Fifth, readers who are loathe to accept as genuine even time-stamped video posted on Twitter by a reporter can consult a truly objective source: images of the mall and the area around the Washington Monument recorded during Trump’s address by a webcam mounted on the Smithsonian Castle’s north flag tower.


A screenshot from a webcam showing the National Mall at 12:15 p.m. on Friday, as Donald Trump gave his inaugural address.

Photo: Earthcam


A webcam view of the media tent in front of the Washington Monument during Donald Trump’s inaugural address on Friday.

Photo: Earthcam

Earthcam, a site that makes those images available online in cooperation with the National Park Service, later posted archived video of the live stream from Friday on Facebook, which gives skeptics the opportunity to examine the evidence for themselves.

That archived video, which is without sound, shows the mall during the entire event. Here is a portion of that video recorded during the last three minutes of Trump’s address, beginning at 12:15 p.m. on Friday.

(Visual clues confirm that the video does indeed show the scene on the mall at 12:15 p.m., matching the time the live stream began on Facebook. At that stage in his speech, after Trump said, “We will no longer accept politicians who are all talk and no action, constantly complaining, but never doing anything about it,” the pool camera used in television coverage cut away to two shots of spectators during a pause for applause. By enlarging the Earthcam video from Facebook above, it is possible to match the frames visible on the giant monitors on the mall with that part of a time-stamped copy of the live broadcast.)

What the visual evidence shows, then, is that even if we accept Spicer’s unsourced claims about the capacity of the mall, large parts of the section from 4th Street to the media tent at 12th Street, which he said holds 220,000 people, were unfilled, and the section from the media tent to the Washington Monument, “another 250,000,” was nearly empty. So even if the front section did hold 250,000 people, the total crowd would appear to have been closer to 400,000 than 1.5 million.

As part of the effort to assuage his boss’s bruised ego, Spicer also falsely told reporters that it was harder for spectators to get through security and on to the mall than in previous years, a claim which was debunked by the Secret Service. He then said that the white floor coverings, which made the absence of people more visible in photos, had never been used before (they were used in 2013, at Obama’s better-attended inauguration).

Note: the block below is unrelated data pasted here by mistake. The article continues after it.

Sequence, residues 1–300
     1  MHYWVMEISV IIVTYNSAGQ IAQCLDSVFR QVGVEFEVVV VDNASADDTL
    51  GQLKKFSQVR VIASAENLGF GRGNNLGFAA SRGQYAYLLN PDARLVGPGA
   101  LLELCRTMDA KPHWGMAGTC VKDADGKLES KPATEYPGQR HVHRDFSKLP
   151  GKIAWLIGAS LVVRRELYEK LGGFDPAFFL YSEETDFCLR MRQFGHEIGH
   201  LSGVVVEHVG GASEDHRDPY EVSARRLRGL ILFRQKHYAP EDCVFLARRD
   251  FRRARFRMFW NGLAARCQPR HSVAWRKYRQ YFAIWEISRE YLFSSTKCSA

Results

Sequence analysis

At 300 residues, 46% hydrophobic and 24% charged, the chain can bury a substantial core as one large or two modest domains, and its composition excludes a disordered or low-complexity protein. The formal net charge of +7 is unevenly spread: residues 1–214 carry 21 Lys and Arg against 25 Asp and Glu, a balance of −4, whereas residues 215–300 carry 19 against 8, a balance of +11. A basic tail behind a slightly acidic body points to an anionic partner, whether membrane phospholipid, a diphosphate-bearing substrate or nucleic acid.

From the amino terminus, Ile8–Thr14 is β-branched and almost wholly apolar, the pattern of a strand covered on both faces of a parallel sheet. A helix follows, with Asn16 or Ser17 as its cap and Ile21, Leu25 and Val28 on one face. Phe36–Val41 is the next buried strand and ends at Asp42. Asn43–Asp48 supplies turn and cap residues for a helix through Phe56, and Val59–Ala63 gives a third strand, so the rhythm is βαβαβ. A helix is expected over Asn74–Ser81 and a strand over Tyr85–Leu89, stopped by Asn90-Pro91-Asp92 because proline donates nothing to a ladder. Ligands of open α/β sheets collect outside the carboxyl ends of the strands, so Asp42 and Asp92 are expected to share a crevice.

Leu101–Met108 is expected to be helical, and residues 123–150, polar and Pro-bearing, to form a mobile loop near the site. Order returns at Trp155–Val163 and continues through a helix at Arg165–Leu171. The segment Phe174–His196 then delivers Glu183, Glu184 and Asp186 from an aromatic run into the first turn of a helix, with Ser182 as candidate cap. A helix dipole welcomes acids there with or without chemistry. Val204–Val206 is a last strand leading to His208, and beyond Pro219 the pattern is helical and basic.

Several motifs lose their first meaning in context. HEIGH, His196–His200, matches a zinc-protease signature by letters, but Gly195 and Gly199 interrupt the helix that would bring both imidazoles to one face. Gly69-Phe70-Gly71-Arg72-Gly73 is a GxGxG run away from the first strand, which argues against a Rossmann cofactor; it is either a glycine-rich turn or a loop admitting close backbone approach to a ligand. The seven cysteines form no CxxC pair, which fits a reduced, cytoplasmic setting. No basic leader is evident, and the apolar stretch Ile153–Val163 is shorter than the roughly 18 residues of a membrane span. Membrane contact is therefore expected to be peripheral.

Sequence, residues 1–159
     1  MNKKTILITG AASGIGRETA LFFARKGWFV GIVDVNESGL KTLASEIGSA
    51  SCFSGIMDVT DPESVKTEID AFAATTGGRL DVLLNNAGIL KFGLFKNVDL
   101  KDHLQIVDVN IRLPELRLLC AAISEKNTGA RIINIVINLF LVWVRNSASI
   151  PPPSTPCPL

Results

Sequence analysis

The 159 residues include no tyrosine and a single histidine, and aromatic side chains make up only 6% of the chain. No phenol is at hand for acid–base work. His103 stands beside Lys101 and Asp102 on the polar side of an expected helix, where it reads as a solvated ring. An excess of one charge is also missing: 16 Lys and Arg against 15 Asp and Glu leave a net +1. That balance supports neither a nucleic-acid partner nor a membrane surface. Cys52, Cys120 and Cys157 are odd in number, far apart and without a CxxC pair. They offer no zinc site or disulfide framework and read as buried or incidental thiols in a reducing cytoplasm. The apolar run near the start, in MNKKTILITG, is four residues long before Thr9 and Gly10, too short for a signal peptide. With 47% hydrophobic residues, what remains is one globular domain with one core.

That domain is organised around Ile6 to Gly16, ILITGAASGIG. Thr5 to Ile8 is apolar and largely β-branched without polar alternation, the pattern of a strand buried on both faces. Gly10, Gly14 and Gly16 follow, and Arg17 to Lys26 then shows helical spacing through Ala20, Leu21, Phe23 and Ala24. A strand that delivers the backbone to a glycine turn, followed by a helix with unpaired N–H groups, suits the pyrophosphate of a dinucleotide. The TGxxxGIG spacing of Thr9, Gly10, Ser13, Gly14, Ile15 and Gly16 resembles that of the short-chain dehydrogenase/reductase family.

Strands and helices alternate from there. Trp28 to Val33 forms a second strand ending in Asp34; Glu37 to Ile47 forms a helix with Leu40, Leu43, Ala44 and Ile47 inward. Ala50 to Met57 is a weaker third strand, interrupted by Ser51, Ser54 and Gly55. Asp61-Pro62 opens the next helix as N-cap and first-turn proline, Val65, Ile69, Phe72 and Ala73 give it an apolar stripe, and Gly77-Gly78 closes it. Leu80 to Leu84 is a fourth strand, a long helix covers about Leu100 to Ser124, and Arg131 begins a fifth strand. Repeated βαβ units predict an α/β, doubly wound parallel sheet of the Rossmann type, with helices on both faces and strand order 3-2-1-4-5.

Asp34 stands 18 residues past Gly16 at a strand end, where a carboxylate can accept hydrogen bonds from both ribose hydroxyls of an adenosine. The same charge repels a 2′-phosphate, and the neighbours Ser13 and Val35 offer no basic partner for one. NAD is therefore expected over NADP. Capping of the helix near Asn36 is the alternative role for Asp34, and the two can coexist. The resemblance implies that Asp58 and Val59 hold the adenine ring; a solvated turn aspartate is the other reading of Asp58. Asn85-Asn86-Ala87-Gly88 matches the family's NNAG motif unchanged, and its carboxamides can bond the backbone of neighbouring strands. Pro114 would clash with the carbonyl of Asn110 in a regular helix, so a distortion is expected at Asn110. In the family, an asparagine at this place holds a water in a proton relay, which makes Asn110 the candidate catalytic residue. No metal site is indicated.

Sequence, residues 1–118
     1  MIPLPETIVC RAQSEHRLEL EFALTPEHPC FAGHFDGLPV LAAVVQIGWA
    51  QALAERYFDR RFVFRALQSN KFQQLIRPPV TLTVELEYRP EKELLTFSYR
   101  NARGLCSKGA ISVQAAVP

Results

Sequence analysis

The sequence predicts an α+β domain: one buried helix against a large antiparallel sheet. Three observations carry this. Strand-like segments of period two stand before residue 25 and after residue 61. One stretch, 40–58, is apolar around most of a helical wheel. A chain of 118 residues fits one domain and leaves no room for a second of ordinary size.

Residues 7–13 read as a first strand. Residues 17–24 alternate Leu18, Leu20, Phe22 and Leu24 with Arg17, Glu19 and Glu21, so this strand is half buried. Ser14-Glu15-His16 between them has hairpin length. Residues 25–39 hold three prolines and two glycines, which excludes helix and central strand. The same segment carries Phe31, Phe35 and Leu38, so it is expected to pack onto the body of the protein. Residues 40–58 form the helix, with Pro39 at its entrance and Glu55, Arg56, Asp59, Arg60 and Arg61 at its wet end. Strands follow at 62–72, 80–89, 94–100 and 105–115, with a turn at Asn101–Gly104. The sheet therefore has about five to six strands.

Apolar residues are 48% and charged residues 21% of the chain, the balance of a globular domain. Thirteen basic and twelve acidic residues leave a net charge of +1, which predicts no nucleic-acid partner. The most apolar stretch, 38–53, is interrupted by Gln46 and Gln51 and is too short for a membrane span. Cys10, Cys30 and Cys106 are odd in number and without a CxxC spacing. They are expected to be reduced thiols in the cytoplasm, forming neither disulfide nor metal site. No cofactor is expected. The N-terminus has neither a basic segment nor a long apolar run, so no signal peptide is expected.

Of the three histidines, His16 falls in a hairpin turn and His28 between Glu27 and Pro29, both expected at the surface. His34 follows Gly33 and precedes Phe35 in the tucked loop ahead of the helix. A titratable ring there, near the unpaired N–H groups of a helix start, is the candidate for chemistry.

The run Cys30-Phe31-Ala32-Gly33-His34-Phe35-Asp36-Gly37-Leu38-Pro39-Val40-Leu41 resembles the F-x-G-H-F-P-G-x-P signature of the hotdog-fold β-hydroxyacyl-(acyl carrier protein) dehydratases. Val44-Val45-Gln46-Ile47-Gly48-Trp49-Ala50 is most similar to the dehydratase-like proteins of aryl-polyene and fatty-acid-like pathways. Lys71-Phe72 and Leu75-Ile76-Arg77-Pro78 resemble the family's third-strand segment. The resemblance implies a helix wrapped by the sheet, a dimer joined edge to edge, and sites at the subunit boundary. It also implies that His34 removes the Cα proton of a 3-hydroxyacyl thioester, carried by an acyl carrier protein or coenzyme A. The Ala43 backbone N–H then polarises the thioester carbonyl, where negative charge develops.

Finally, Spicer presented reporters with incorrect statistics about the volume of traffic on the D.C. subway system on Friday, saying that it was far higher than it had been on the day of Obama’s second inauguration, in 2013, when it was, in fact, far lower.

While Spicer and Conway have taken much of the flak for these whoppers over the past 24 hours, it is important to keep in mind that they are simply covering for the primary fabulist in the White House: Donald Trump.

Trump furnished a clear example of this on Saturday, just before Spicer appeared to confront the press, when he falsely claimed during a speech at the CIA that the rain had stopped and the sun had come out as he delivered his inaugural address the day before to what “looked like a million, a million and a half people.”

That surely marks the first time a president of the United States has lied about the weather at a public event he attended alongside hundreds of thousands of other people just 24 hours earlier.

White House aides who spoke to The New York Times on Sunday said that Spicer’s desperate effort to contest observable reality was prompted by Trump’s own insecurity over the relatively small crowd. “Mr. Trump grew increasingly angry on Inauguration Day,” The Times reported, “after reading a series of Twitter messages pointing out that the size of his inaugural crowd did not rival that of Mr. Obama’s in 2009.”